You may be familiar with all of the rainbow’s colors, but there are an endless number of shades in between, many of which you’ve probably never heard of. From the vivid red hue typically used to paint Scandinavian barns to the blackest black on Earth, these are some of the most mysterious colors on the spectrum.

Amaranth

According to Greek mythology, the eponymous blossom of this reddish-pink shade translates to “everlasting flower.” It was believed to grow on Mount Olympus and could never fade.

Atrovirens

A pyramid-shaped pine with shiny foliage shares the name of this popular deep teal, which relates to “dark green” in Latin.

Aureolin

Nikolaus Wolfgang Fischer, the German chemist who first produced potassium cobaltinitrite, created this golden tint, sometimes known as cobalt yellow, the brilliant pigment compound.

Celadon

Ancient Chinese porcelain and glaze inspired this minty hue. The iron in the raw materials used to make the coveted pottery, which dates back thousands of years, gives it its distinct jade tint.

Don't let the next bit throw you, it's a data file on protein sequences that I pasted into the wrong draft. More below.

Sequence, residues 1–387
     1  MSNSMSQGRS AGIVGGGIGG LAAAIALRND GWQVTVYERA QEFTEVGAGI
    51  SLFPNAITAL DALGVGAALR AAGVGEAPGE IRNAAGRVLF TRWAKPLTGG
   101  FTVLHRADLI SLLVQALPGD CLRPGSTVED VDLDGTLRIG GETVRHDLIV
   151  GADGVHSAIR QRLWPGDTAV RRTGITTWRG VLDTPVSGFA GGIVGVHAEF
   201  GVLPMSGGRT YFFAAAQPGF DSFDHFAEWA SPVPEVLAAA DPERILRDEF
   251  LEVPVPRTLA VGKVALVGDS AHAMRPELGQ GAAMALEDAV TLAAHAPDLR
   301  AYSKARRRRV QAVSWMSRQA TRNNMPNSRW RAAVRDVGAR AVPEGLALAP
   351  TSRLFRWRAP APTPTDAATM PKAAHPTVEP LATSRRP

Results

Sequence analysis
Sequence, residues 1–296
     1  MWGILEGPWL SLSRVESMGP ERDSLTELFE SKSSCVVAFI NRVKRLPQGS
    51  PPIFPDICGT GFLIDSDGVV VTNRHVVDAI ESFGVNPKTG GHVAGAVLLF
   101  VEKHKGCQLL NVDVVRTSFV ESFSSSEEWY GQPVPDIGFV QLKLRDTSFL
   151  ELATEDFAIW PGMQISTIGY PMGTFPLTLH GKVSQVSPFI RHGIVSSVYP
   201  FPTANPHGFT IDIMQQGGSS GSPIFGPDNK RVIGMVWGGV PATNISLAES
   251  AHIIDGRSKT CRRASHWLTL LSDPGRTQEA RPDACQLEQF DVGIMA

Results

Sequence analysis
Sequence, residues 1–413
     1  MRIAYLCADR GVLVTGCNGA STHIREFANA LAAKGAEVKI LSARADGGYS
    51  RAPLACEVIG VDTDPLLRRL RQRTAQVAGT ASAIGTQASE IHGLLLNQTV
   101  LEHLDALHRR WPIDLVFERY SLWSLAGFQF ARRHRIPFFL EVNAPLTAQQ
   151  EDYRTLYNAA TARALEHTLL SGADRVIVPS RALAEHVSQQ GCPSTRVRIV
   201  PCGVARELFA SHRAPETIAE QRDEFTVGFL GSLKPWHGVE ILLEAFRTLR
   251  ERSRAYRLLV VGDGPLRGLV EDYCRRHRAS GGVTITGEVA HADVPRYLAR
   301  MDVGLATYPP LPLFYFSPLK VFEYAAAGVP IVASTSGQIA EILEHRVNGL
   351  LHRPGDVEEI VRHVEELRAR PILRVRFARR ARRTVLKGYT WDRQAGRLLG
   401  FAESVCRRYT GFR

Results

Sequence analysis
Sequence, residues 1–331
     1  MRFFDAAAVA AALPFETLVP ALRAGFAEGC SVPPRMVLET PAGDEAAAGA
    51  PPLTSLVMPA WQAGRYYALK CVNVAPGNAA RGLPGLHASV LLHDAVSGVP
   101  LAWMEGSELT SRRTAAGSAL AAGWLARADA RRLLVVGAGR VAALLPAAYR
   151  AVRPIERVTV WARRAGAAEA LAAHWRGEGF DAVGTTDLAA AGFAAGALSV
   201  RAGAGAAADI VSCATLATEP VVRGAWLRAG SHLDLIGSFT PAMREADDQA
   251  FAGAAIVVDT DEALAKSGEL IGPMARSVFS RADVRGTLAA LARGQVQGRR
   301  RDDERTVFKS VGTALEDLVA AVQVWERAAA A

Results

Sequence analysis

Coquelicot

“Wild corn poppy” was a word used in the old French language to characterize the bloom’s brilliant red-orange color.

Eburnean

This is the term to use when describing something that is ivory in color. The faint tone is mostly white with a tinge of yellow and gets its name from the Latin word eburneus.

Falu

This crimson pigment, which comes from the Swedish city of Falun and is created from copper-mining waste, is widely used to paint wooden barns and cottages.

Feldgrau

This ascetic color, which has a muted viridescent shade with gray undertones, gets its name—which means “field gray” in German—from the attire worn by German soldiers during World War II.

Fulvous

This brown-yellow hue is widely used to describe the peculiar colors of particular fungi, birds, mammals, and plants and is similar to caramel or butterscotch.

Gamboge

This color, which has an orange-brown color similar to mustard or deep saffron, is used to dye the garments of traditional Buddhist monks.

Smaragdine

Are you stumped as to how to describe the hue of an emerald without referring to it by its name? You’re covered with this amusing-sounding word, which is derived from the Latin phrase for the gemstone, smaragdus.

You may also like...

Leave a Reply

Your email address will not be published.